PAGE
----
Studies on Media Coverage of Bike and Pedestrian Crashes Reveal Bias

Road safety advocates, particularly those who promote walking and biking, have long understood the importance of language, such as using "crash" rather than "accident." Two new media studies shed more light on bias in media coverage of crashes.

May 10, 2019, 1:00 PM PDT

By Irvin Dawid


Ambulance

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Cyclist deaths are on the rise. "In 2017 (the last full year for which we have data), 783 were killed on the roads [according to the Fatality Analysis Reporting System (FARS) of the National Highway Traffic Safety Administration] —continuing the upward trend of the past decade," writes Joe Lindsey for Outside Magazine. "Amid an all-time high of vehicle miles traveled, pedestrian and motorcyclist deaths were also at all-time highs, even as fatalities among car occupants have dropped by more than 30 percent over the last 25 years."

Almost as troubling as the rise in deaths is the media coverage of these crashes. ... News stories often play a key role in shaping public understanding of traffic safety. And when news stories victim-blame or fail to convey the larger context in which these crashes take place, they do deep injustice to the victims and the conversation about road safety in general.

I personally have been aware of the "crashes are not accidents" safety campaign that originated at the National Highway Traffic Safety Administration in 1997. Lindsey examines two recent academic studies that find there's much more to question about how the media cover traffic safety issues when they involve the deaths of "vulnerable road users," e.g., pedestrians, bicyclists, and motorcyclists.

"Editorial Patterns in Bicyclist and Pedestrian Crash Reporting," written by Kelcie Ralph (Rutgers), Evan Iacobucci (Rutgers)Calvin G. Thigpen (Arizona State), and Tara Goddard (Texas A&M) was published on Feb. 8 by the Transportation Research Board.  A study from the University of South Florida’s Center for Urban Transportation Research (CUTR) is due to be published soon by the TRB as well.

The aim of the former study "is to examine local news coverage of vehicle crashes involving someone walking or biking," states the abstract (additional viewing requires payment/subscription). "To that end, this paper used content analysis of 200 local news articles to answer the research questions:"

  • How do articles apportion blame between vulnerable road users (VRUs) and drivers? The results reveal that local news coverage tends to shift blame toward VRUs and away from drivers.
  • To what extent do articles frame crashes as a public health issue? Coverage almost always treats crashes as isolated incidents, obscuring the public health nature of the problem.

The abstract is limited, but fortunately, Lindsey does a thorough job of delving into the findings of both studies. "[J]ournalists are prone to questionable phrasing, and even making flat-out mistakes, when reporting on these crashes," he writes. Two examples of the former, in addition to the use of "accidents" to describe crashes (which even the Associated Press cautions against), follow:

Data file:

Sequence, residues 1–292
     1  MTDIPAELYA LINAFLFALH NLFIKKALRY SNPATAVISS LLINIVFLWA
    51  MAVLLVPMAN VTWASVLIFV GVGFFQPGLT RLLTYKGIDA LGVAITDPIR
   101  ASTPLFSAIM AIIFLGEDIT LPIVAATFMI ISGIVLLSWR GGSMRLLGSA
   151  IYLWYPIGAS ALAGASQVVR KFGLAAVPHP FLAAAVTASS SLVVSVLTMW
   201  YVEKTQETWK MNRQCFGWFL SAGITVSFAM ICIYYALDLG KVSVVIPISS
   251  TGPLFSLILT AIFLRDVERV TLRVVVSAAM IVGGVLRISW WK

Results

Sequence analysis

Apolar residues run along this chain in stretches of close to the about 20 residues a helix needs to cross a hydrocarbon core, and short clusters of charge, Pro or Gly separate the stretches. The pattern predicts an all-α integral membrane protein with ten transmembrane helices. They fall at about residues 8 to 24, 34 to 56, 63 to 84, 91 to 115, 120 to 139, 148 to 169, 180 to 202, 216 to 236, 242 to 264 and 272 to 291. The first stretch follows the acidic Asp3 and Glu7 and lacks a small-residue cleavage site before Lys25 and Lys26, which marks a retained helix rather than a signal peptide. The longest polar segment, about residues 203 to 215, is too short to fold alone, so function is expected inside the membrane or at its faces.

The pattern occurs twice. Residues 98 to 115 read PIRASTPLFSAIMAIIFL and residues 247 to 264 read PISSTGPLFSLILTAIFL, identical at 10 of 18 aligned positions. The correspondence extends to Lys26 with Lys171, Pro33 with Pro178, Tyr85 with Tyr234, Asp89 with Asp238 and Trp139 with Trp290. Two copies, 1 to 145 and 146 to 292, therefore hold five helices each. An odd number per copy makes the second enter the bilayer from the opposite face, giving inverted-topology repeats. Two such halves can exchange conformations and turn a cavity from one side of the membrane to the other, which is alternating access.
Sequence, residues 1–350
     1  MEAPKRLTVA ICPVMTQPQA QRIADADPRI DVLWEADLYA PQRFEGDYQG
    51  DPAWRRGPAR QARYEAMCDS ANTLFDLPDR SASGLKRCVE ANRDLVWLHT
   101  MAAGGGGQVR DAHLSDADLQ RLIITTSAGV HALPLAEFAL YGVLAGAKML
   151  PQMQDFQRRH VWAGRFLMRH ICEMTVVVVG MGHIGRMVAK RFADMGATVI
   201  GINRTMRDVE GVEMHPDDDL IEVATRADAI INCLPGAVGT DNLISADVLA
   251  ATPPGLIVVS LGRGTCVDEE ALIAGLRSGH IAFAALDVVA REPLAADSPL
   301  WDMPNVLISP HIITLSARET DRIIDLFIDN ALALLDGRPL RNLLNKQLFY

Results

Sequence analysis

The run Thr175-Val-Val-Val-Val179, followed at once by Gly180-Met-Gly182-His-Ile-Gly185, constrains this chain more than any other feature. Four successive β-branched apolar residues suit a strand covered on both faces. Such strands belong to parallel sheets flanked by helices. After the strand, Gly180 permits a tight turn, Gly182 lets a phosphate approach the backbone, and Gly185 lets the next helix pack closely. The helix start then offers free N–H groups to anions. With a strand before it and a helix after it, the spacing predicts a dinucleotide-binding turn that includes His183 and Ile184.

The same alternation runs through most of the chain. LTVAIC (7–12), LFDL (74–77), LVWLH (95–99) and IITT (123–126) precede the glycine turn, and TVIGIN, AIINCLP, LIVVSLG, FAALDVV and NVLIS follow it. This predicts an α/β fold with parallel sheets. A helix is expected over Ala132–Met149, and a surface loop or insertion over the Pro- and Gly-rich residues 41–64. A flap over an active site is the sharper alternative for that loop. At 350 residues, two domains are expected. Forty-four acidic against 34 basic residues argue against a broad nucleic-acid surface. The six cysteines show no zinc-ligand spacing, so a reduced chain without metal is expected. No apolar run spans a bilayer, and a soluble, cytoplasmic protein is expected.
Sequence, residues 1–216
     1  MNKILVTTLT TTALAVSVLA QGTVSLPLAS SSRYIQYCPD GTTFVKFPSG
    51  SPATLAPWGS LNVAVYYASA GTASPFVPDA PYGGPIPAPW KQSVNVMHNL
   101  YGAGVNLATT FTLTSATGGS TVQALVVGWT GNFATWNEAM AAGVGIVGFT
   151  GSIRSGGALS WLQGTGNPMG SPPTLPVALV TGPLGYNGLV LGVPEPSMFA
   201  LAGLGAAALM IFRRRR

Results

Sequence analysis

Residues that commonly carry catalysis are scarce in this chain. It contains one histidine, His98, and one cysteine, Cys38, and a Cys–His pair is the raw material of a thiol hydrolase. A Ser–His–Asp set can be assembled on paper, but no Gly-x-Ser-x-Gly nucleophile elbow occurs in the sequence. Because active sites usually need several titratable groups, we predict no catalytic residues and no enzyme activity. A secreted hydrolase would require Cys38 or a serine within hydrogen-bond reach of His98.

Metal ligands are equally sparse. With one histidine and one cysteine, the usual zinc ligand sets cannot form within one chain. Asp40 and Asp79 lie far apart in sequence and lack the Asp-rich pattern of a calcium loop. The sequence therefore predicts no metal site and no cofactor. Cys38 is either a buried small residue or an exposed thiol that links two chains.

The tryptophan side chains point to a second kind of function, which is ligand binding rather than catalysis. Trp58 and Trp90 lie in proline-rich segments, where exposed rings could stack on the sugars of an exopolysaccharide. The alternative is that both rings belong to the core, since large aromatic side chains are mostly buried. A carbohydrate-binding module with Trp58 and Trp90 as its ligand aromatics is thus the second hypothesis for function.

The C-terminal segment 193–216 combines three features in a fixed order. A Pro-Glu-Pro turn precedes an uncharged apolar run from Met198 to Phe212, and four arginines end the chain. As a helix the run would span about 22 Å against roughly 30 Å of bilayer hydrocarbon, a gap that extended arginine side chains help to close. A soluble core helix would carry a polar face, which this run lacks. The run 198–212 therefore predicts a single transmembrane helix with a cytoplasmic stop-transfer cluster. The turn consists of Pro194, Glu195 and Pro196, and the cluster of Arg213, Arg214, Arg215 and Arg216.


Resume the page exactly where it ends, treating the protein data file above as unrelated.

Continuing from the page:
•  The use of passive, clinical language that reduced the human role in the crash. “Sometimes the story would say that the person was hit by a car, which is passive,” says co-author Tara Goddard, an assistant professor of urban planning at Texas A&M. This language distances the driver’s actions from the crash. “To say an object with no capability on its own actively hit a cyclist is hilarious phraseology,” says Megan Hottman, a Colorado lawyer who represents cyclists hit by drivers.

Lindsey is careful to use driver, rather than car, SUV, or vehicle, in describing the parties involved in a crash.

  • The studies also looked at whether reports contained what the researchers called a counterfactual: a detail that subtly shifts blame, such as noting that the victim “was not wearing a helmet” or “was wearing dark clothing.” In the university group’s study, 48 percent of the examined stories included such a statement, which, without important context, suggested the victim was at least partly at fault. “Dark clothing is irrelevant if the driver is distracted,” says Goddard, “and a helmet will not save you if the driver hits you at 60 miles per hour.”

Role of urban planners

The abstract of the "editorial patterns" study points to the importance of urban planners working with journalists in reporting crash details that will help frame bike and pedestrian crashes as the public health issue they are rather than isolated incidents "and increase public pressure to reduce road deaths."

None of the 200 articles reviewed by the researchers "featured comments from the crash victim or road-safety experts like urban planners," notes Lindsey.

Related in Planetizen:

Hat tip to CityLab Daily.

Monday, May 6, 2019 in Outside Online

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